Tenancy law reform has been introduced in NSW, with changes to rental laws affecting landlords and tenants. Here’s what you need to know.
New rental reform has just been introduced in NSW, with changes affecting the rights and responsibilities of both landlords and tenants. Here’s what you need to need to know about the proposed changes and how they affect landlords and tenants.
What Is The Tenancy Reform In NSW?
Changes to New South Wales’s residential tenancy laws were introduced in Parliament at the end of September, following two years of consultation and lobbying from industry groups. The reform came about after a 2016 review found that the existing Residential Tenancies Act wasn’t balanced between the interests of landlords and tenants. Better Regulations Minister Matt Kean presented the amendments in Parliament, calling them 'sweeping reforms for tenants’ rights'.
The proposed reform was met with mixed responses from the public and industry groups, with some comparing the changes to those introduced in Victoria just a few weeks before. The Victorian reform has many similarities, but arguably provides stronger protection for renters.
How Are Tenants Affected By The Tenancy Reform?
NSW tenants can expect positive changes to their rental agreements, with amendments proposed to protect tenants and increase livability in rental properties.
These changes include new minimum standards for accessing basic necessities like gas, electricity, ventilation and lighting, and landlords will also have to provide assurances that their properties are structurally sound. Tenants will also be given more freedom over the appearance and functionality of the home, as landlords will no longer be able to refuse minor changes such as picture hooks being added to walls.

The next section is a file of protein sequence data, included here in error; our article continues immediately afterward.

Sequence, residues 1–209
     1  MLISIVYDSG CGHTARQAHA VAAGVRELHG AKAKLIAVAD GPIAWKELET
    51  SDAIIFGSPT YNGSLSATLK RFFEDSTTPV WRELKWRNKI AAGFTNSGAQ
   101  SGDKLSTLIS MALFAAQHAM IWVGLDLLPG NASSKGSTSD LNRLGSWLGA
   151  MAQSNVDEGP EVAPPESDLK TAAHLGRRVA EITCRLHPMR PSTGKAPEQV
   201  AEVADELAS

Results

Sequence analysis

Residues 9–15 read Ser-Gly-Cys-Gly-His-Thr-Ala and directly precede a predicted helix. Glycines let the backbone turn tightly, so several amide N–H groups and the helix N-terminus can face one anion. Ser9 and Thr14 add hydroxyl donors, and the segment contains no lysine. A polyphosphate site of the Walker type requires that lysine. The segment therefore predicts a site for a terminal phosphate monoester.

From a lease perspective, there are a number of changes to rent increases and breaking leases, designed to protect tenants from unreasonable fees or penalties. Tenants who break a fixed-term lease will be charged a set fee, while rent increases will be limited to once per year in periodic leases. Importantly, there will also be no penalties for domestic violence victims who break a lease.
We’ve written before about the importance of prompt maintenance in establishing good relationships between landlords and tenants, an issue that is being addressed by the reform. Tenants will now be able to get rectification orders from Fair Trading for repairs, giving them more control over required maintenance.
How Are Landlords Affected By The Tenancy Reform?
The new benefits provided to tenants also have an effect on the management of an investment property, so there are many changes that landlords need to familiarise themselves with.
Key points for landlords to note are the changes to rent increases, lease terminations and evictions. In periodic tenancies, landlords will now be limited to one rent increase per year, instead of the current law that allows multiple increases. Tenants breaking their lease will now be charged a set fee, although all penalties will be voided for victims of domestic violence.
Additionally, while no-grounds evictions have not changed, landlords will not be able to give a termination notice in the case of unpaid rent or bills, unless the payment is over 14 days late.
Landlords should also understand the changes to maintenance and minor work completed by tenants, as these form a significant part of any tenancy. Landlords who don’t prioritise repairs may now receive a Fair Trading rectification order from their tenants, making timely maintenance even more important than it has been previously. The changes also prevent landlords from refusing minor work, such as the installation of picture hooks.
For properties in strata schemes, landlords or their agents must also pass on a copy of the by-laws before the tenant signs the lease.
Unsure Of Your Obligations Under The Tenancy Reform?
Get in touch with our team of specialists today for the full details.